Woolly Boulez

It was a confrontation that concertgoers had been eagerly awaiting: Pierre Boulez meets the Vienna Philharmonic Orchestra for three programs in Carnegie Hall. What, one wondered, would come of it all? On the podium was Boulez, at 75 no longer the combative avant-garde radical of yore but still the music world’s most articulate and committed spokesman for the revolutionary scores of the twentieth century, a composer-conductor who prizes structure, form, and analytical clarity. There to follow his bidding was the Vienna Philharmonic, an orchestra as noted for its conservative programs, independence, and resistance to change as for its lush sonority and proprietary claim on the old Viennese classics that are part of the musicians’ collective unconscious. Would such opposites attract, learn from each other, and astonish us, or would these two conflicting musical spirits lock horns and fight it out?

If this was indeed a battle, call it a draw. In the first concert, the VPO graciously indulged its guest’s tastes and played a vintage Boulez program: Bartók’s Four Pieces, Op. 12; Webern’s Six Pieces, Op. 6; Debussy’s Jeux; and Stravinsky’s Symphony in Three Movements – even the encore traded Johann Strauss’s affable Tritsch-Tratsch Polka for Stravinsky’s acerbic Circus Polka. The results were fascinating, but the only performance that really persuaded me was the Bartók, an early score in which the Vienna players discovered the composer’s luxuriant late-Romantic influences and reveled in them. Elsewhere, I missed the translucence and chiseled instrumental rhetoric that characterize Boulez’s compelling interpretations of Webern, late Debussy, and neoclassical Stravinsky with the virtuoso American and British orchestras that he regularly conducts. Those bands give him exactly what he wants with the easy precision and focused intensity that come less naturally to the Viennese.

For the second concert, conductor and orchestra met on a more even playing field, a program that consisted of the Prelude and Liebestod from Wagner’s Tristan und Isolde and Bruckner’s unfinished Ninth Symphony. Ever since Boulez surprised everyone by going to Bayreuth in 1966 to conduct Parsifal and, a decade later, the Ring, Wagner has been a spécialité de la maison, one of the few high-Romantic composers to engage this avowed modernist. Since the formal self-sufficiency of Wagnerian music drama has always seemed to interest Boulez more than its pictorial content, it was only a matter of time before he arrived at Bruckner, whose huge symphonies are built on similar structural principles. And Boulez’s objective, measured approach to the Ninth had much in its favor, with diamond-hard instrumental textures and gestural immediacy to complement its architectural majesty – a performance that ideally mated a brainy conductor with an orchestra that can sometimes seem all heart.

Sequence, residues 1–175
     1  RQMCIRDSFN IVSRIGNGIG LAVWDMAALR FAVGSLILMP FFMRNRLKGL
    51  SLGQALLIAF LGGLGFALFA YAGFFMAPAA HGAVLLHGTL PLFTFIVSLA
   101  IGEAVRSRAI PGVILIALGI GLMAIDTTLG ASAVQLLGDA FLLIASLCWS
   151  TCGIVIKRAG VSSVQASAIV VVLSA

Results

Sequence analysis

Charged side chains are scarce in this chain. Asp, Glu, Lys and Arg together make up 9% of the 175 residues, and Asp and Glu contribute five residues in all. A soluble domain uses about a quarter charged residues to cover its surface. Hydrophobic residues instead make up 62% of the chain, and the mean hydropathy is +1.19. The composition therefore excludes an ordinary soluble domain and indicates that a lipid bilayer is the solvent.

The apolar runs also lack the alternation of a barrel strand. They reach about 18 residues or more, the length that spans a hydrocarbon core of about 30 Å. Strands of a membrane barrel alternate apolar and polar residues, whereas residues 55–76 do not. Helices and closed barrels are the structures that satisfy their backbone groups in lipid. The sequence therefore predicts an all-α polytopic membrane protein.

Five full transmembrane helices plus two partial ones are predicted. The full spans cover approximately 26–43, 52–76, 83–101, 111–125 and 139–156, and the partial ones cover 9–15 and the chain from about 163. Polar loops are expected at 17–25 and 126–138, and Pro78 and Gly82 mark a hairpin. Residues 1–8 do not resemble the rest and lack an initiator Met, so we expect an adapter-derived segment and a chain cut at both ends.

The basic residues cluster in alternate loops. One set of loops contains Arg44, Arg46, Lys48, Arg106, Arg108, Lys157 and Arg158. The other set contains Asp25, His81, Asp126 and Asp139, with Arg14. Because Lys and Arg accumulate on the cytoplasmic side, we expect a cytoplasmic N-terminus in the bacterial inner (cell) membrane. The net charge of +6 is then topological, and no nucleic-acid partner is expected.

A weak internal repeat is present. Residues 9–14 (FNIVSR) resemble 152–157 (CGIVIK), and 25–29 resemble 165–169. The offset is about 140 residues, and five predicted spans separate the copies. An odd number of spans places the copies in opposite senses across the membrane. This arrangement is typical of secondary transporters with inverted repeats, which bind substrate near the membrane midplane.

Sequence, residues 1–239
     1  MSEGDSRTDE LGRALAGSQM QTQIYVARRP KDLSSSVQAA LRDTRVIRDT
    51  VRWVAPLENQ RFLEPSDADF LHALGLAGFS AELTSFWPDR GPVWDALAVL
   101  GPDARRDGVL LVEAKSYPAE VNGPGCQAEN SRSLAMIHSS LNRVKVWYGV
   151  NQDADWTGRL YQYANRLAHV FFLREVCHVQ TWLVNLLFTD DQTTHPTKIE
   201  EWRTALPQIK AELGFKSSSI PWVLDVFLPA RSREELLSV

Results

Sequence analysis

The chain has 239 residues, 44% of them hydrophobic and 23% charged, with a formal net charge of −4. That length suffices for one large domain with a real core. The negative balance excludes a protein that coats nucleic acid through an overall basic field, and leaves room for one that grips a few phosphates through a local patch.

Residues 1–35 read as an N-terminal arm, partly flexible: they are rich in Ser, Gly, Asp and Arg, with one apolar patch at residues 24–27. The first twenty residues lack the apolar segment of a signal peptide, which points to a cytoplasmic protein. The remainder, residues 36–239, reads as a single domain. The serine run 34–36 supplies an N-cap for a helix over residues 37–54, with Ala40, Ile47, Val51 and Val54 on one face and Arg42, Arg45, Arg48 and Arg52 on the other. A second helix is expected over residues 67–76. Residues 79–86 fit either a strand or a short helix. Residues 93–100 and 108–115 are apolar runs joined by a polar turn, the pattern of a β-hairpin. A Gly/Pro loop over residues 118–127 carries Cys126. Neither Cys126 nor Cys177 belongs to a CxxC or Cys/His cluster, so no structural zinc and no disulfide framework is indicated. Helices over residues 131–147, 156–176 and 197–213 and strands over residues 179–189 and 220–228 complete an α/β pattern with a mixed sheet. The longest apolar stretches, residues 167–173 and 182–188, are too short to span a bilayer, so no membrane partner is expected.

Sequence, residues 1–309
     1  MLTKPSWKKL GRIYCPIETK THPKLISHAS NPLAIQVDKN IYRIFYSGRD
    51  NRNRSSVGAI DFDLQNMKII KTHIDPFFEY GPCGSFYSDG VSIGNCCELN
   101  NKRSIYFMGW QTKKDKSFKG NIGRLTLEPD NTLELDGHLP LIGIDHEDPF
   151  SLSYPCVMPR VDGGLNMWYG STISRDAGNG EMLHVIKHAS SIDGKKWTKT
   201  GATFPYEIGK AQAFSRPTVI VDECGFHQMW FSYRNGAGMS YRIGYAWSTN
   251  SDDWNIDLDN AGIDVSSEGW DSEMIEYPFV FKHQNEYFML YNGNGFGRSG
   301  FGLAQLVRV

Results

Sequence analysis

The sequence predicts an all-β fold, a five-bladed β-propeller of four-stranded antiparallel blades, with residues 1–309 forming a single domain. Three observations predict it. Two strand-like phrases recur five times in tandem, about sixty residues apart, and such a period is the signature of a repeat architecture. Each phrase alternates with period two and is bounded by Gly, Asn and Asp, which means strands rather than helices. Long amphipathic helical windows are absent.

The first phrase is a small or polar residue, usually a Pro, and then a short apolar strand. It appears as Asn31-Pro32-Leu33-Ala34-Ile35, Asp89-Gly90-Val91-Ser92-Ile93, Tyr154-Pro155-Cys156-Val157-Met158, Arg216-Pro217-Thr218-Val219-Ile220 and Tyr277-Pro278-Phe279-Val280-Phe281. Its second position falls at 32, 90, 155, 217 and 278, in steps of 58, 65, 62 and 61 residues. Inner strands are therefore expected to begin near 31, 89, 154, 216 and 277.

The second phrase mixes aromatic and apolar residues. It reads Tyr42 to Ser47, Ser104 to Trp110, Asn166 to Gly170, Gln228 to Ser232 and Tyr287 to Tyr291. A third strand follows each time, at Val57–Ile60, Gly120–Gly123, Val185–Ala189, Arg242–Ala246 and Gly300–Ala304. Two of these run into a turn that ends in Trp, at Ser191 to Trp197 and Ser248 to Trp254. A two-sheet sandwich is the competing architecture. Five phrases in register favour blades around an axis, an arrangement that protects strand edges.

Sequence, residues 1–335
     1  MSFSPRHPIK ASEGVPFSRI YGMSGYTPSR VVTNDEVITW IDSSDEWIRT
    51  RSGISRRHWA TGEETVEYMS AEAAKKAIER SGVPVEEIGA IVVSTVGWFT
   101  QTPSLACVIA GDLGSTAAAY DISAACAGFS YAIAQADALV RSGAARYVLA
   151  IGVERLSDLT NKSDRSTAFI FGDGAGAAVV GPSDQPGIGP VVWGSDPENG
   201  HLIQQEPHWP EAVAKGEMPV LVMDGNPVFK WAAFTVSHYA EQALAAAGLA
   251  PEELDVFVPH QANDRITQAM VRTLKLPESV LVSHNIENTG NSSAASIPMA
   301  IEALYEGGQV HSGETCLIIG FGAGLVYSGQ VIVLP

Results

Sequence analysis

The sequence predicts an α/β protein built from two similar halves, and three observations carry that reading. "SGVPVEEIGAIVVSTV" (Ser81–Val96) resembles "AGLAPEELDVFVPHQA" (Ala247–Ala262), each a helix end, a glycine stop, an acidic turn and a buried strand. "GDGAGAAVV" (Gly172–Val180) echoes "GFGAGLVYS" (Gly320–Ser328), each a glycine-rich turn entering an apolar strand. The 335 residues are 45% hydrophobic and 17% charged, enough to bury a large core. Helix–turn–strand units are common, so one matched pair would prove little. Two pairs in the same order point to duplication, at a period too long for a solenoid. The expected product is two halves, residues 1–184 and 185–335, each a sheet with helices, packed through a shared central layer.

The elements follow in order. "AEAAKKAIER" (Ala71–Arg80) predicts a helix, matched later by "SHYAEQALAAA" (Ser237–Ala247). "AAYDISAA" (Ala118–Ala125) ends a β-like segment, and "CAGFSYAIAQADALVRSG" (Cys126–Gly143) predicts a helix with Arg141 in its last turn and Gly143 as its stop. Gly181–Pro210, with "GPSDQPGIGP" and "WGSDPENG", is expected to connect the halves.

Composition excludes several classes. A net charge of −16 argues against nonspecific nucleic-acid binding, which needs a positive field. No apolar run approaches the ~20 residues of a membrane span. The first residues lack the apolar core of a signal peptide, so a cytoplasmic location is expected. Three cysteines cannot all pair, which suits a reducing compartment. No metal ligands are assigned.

What brings Bruckner to life does not necessarily work for Mahler, whose Symphony No. 3 filled the third and final program. I can understand Boulez’s ongoing fascination with such a pivotal composer, but his apparent need to remain aloof from music this aggressively subjective is, in the end, unproductive and self-defeating. It’s especially damaging in a work as descriptively specific and cosmically embracing as the Third, during which conductor and orchestra almost seemed to be functioning in separate halls. The concluding hymnlike slow movement can scarcely fail to bring an audience to its feet, and here the Vienna Philharmonic made the glorious noise one expects it to. But as with what went before, there was no true engagement with the character and personality of the score, and one suspects that the communication problems began at the first rehearsal. Boulez and the VPO – an intriguing experiment, but on this occasion the chemistry was only fitful.

Vienna Philharmonic Orchestra
Three programs conducted by Pierre Boulez.

Woolly Boulez